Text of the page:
Flashcards in Unit 4 - Heart Failure Deck (27):
what is the definition of CHF?
inability of heart to pump blood at rate commensurate w/ requirements of metabolizing tissues, or can only do so from elevated filling pressure
what is the definition of heart failure? main clinical manifestations? what is it usually from?
syndrome from any structural or functional disorder that impairs ability of ventricle to fill or eject blood
-dyspnea, fatigue, fluid retention (central or peripheral)
-may result from normal LV size and function to sever dilation and systolic dysfunction
what are the NY heart association functional classifications for HF?
I: cardiac disease w/o limitations on PA (SOB only if extreme)
II: slight limitation of PA (SOB if climb many stairs)
III: marked limitation of PA (SOB if walk to kitchen)
IV: inability to carry any PA (SOB even at rest)
-end-stage, poorest outcome
why are HF patients unable to exercise?
-alternations in ventricular distensibility
-peripheral vascular function
-skeletal muscle physiology
-neurohormonal and reflex autonomic activity
-renal Na handling
explain the progression of HF?
LV dysfunction begins with injury to myocardium --> change in LV geometry and structure (cardiac remodeling)
-activation of endogenous neurohormonal systems play major role in this remodeling, thus want to interrupt this cycle
what is the neurohormonal impact in HF patients?
elevated levels of NE, AII, aldosterone, endothelin, ADH, and cytokines, that adversely affect structure and function of heart
what are compensatory mech in HF in ANS?
heart: increased HR, myocardial contractile stimulation (inotropy), relaxation (chronotropy)
peripheral circulation: arterial and venous vasoconstriction (increased afterload and preload, respectively)
what are compensatory mech in HF in kidney?
due to RAAS
-arterial and venous vasoconstriction (increased afterload and preload, respectively)
-Na and water retention (increased preload and afterload)
-increased myocardial contractile stimulation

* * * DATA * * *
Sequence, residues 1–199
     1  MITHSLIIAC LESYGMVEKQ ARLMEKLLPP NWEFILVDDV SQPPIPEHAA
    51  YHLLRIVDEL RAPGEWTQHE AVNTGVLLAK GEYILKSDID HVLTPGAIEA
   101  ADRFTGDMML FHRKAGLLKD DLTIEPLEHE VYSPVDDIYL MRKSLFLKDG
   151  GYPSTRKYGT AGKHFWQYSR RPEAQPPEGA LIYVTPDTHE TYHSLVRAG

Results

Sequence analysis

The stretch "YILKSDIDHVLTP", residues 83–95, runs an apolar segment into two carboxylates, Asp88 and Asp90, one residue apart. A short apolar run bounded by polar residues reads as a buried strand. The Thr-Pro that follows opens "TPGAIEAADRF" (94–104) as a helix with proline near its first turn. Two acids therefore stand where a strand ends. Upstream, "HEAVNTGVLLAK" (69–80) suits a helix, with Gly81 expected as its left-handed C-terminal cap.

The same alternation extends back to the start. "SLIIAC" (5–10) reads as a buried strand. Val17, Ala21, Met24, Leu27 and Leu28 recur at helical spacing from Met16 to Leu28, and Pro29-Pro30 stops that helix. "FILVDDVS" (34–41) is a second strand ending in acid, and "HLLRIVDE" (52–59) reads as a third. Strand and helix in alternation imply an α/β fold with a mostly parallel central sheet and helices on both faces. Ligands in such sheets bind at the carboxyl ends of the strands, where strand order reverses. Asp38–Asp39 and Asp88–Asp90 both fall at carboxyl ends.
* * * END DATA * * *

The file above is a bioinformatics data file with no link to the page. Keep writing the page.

what are compensatory mech in HF in heart?
-endothelin 1 (increased preload and afterload)
-ADH (increased preload and afterload)
-natriuretic peptides (decreased afterload)
-Frank-Starling law (increased EDV/preload, EDP)
-peripheral O2 delivery
--redistribution of CO, altered O2-Hb dissociation, increased O2 extraction by tissues
ACEi hemodynamic effects?
--decrease PCWP and LVEDP
--decrease SVR and BP
--increase CO and exercise tolerance
-no change in HR/contractility
-increased renal, coronary, and cerebral flow
-diuresis and natriuresis
what are advantages of ACEi?
-inhibit LV remodeling post-MI
-modify progression of chronic CHF
-no neurohormonal activation or reflex tachycardia
-tolerance doesn't develop
what are indications for ARBs?
-used in place of ACEi when cough an issue
--still causes angioedema
-used in tandem with ACEi
ASE of ARBs?
fewer than ACEi
why do we only use diuretics to treat HF symptoms?
-neurohormonal activation (increases levels of NE and AII)
-contraindicated in hypovolemia
-ASE: volume contraction and electrolyte depletion
what do diuretics do to CO? arteries?
no direct effect on CO (unless excessive preload reduction), but improves arterial distensibility
why are aldosterone antagonists good for HF?
the risk of death is reduced in class IV patients
what is eplerenone?
an aldosterone antagonist that doesn't cause gynocomasetia
side effects of aldosterone
-gastric disturbances (peptic ulcer)
how should you use beta-blockers?
initiate at very low dose, and gradually increased if tolerated
-will initially increase CO, but will peter out
-can be initiated even if hospitalized for HF, as long as IV therapy for HF not required
what is digoxin? how does it work?
cardiac glycoside; potent inhibitor of cellular Na+/K+ ATPase
-increases intracellular Na+ --> Na+/Ca++ exchange system increases --> intracellular Ca++ increases --> increases contractility
-increases vagal efferent activity to heart
-reduces sinoatrial firing rate
-reduces conduction velocity thru AV node
what are hemodynamic effects of digoxin?
-increase CO, LVEF, exercise tolerance, natriuresis
-decrease LVEDP, neurohormonal activation
what are neurohormonal effects of digoxin?
-increased vagal tone
-decreased plasma NE, peripheral NS activity, RAAS activity
-normalizes arterial baroreceptors
why isn't digoxin used all the time?
management issue: narrow therapeutic/toxic window can cause easy overdose
-toxicity: cardiac arrythmias (commonly atrial tachycardia and AV block)
-not given to end-stage disease
how is digoxin metabolized?
how is dobutamine given?
given as continuous infusion
-short onset of action and half-life
-can develop tolerance after 24 to 48 hours of same dose
-acutely improves symptoms, but increases mortality overall
what is milrinone?
phosphodiesterase IIIa inhibitor
-causes less breakdown of cAMP, so increased contractility (inotropy), HR (chronotropy), and relaxation (lusitropy)